Rabbi Label Lam
A Burning Heart
And he (Essau) said (Aloud to his father Isaac): "Isn't his name
appropriately called Yaakov, because he tricked me these two times. First
he took my birthright. Now he took my blessing. (Breishis 27:36)
Essau makes a strong accusation against his brother Jacob which is never
openly answered in the text. Are we quietly in agreement on his point? Is
it time again for us to bow our heads in shame and apologize for the crude
way our father Jacob acquired the birthright from his brother Essau, by
taking advantage of him in his moment of weakness? Can we excuse his
actions by claiming he only did so because he recognized Esau's inherent
lack of fitness for the Divine service? That always sounds like a
"whitewash". How can we defend the indefensible to skeptical ears?
For millennium we are on trial for the honest reporting of events from the
earliest days of our family history. Now, just relying on what's written
there in the verses I would like to try in a lawyerly way to present a case
that it was Essau who fumbled his place in Jewish History and not Jacob who
callously stripped him of it.
1) The defense would like to call Essau to the stand as a witness. "Essau,
do you recall your comments when asked to sell your birthright? Were you
maybe too tired and hungry to open your mouth? Is that why with your last
ounce of strength you asked that the food your brother Jacob was carefully
preparing be poured down your throat? Remember your words?" "Behold, I am
going to die, what good is this birthright to me?" Would you like to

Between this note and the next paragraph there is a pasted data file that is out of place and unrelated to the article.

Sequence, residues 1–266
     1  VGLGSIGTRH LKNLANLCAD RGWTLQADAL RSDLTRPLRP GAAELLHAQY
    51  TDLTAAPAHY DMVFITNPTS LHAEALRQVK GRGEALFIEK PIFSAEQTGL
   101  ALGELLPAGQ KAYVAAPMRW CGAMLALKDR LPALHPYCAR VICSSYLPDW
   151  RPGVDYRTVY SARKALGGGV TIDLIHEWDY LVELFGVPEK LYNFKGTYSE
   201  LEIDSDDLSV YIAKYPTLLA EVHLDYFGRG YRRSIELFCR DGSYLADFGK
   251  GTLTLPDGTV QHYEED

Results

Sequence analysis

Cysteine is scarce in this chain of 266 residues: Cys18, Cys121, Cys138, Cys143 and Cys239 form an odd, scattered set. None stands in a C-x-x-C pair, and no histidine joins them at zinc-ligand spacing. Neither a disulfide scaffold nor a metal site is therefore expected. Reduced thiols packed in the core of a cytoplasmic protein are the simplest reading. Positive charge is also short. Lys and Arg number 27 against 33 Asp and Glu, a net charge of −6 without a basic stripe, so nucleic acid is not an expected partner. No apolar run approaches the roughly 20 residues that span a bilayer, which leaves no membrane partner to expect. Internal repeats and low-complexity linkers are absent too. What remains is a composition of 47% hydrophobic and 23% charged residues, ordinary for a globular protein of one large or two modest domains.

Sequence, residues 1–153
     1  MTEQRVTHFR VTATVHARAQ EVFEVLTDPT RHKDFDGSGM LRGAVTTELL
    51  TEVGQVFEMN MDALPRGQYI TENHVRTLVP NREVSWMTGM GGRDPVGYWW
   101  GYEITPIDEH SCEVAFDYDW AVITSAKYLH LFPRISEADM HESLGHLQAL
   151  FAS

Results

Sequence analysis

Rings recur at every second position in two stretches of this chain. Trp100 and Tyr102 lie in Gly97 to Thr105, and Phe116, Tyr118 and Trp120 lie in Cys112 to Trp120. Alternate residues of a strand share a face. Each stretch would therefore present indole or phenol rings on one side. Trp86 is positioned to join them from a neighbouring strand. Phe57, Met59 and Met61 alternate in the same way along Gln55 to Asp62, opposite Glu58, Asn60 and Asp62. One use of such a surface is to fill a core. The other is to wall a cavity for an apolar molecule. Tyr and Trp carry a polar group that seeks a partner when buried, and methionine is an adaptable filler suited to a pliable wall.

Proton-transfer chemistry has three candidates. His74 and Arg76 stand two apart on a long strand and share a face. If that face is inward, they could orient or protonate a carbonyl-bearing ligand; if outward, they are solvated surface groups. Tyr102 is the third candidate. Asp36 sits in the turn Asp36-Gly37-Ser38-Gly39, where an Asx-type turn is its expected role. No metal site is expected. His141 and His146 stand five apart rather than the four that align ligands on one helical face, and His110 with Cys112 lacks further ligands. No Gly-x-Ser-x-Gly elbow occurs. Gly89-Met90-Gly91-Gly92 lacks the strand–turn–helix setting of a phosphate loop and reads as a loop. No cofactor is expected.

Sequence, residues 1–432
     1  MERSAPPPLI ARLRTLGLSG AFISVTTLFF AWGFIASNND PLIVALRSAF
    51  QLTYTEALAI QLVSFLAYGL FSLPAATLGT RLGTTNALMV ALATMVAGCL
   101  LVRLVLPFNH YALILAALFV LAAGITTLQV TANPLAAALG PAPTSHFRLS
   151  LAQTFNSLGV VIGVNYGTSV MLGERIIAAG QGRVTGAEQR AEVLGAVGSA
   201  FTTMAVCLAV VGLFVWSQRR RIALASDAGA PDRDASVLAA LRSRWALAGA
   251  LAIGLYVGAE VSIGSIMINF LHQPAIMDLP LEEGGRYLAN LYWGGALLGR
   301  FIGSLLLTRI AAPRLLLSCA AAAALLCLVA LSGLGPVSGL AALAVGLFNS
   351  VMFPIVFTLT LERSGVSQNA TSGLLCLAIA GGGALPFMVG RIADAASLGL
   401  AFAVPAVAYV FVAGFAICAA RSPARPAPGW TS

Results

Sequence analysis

defend this statement claiming that it was not so much expressing a disdain
for the birthright as it was desperation for some food at that time. Could
be! Let's see!
2) Who amongst the reading audience would sell their Jewish Heritage for a
lunch? I know! What are they serving? Seriously! How many millions of Jews
over thousands of years of history were willing to give their lives rather
than alter a single custom, as the law requires, that is when our religious
mettle is being tested?
It is known that the Nazis used to capture the Jewish leaders when
conquering a city and execute them first to demoralize the rest of the
community. It is told that in this one town it was rumored that the mayor
was a Jew from a great grandparent. For three generations no one had
practiced Judaism. To test the veracity of the matter the Nazis took him
to the synagogue and placed a Sefer Torah in his arms and asked him at gun
point to throw the scroll on the ground and trample it. He declared, "I
want to thank you for returning me to my people and my G-d!" They killed
him on the spot. For what value did Essau cash his heritage?
3) The verse says, "And Jacob gave to Essau bread (It wasn't on the menu)
and cooked beans (That's what he asked for) and he ate and he drank (not
part of the meal plan either), and he got up and Essau despised the
birthright." (Breishis 25:34) Why over here does it say that "Essau
despised the birthright"? Why is that declaration anchored to this place
in the narrative? If the whole claim against Jacob is that he took
advantage of his starving brother to snatch the blessing, his complaint
should have been filed at the time he finished eating. The verse testifies
that he ate and drank and got up and left without a murmur of
protest. That's when he most clearly expressed disdain for the birthright.
Clearly, he was not tricked as he later claimed. They made a deal like any
other business deal based upon a fundamental disagreement about the value
of a thing. Jacob opted for eternity while Essau ordered soup. Remarkably,
even when the bowl was empty so was he. Essau walked away with only
heartburn while Jacob continued to stir within a burning heart.
Text Copyright © 2003 Rabbi Label Lam and